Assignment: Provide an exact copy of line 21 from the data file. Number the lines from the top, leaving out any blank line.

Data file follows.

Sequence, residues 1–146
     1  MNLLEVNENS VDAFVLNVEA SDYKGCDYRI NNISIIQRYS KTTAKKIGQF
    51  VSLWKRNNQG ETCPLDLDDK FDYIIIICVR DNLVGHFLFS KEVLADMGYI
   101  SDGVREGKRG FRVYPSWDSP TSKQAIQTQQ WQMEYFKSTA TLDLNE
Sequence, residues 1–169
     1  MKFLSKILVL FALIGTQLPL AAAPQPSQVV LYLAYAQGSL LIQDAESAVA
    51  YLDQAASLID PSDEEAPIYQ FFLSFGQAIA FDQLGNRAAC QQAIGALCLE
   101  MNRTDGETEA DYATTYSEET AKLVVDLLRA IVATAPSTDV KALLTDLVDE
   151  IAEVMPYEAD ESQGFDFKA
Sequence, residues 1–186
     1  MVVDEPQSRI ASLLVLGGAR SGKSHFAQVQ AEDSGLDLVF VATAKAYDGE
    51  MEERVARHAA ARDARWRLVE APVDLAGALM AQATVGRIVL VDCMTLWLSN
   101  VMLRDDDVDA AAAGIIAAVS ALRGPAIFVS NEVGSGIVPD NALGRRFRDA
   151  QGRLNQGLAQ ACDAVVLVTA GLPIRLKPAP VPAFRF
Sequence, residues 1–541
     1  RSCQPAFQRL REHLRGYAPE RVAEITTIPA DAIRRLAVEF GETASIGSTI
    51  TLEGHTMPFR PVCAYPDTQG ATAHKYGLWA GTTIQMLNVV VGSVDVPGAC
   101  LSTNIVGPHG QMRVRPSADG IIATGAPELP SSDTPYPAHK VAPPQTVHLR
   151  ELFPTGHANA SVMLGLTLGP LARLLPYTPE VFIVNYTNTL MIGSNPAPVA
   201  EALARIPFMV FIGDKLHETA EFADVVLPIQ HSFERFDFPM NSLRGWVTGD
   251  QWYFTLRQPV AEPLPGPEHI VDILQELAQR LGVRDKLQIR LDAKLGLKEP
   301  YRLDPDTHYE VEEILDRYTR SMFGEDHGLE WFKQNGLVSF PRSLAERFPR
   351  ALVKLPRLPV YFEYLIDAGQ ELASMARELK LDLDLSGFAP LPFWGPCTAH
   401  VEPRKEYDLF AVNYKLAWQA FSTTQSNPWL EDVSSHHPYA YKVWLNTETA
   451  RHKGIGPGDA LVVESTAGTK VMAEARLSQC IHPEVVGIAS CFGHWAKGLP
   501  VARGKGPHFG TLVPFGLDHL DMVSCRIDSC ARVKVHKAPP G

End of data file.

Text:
   251  QWYFTLRQPV AEPLPGPEHI VDILQELAQR LGVRDKLQIR LDAKLGLKEP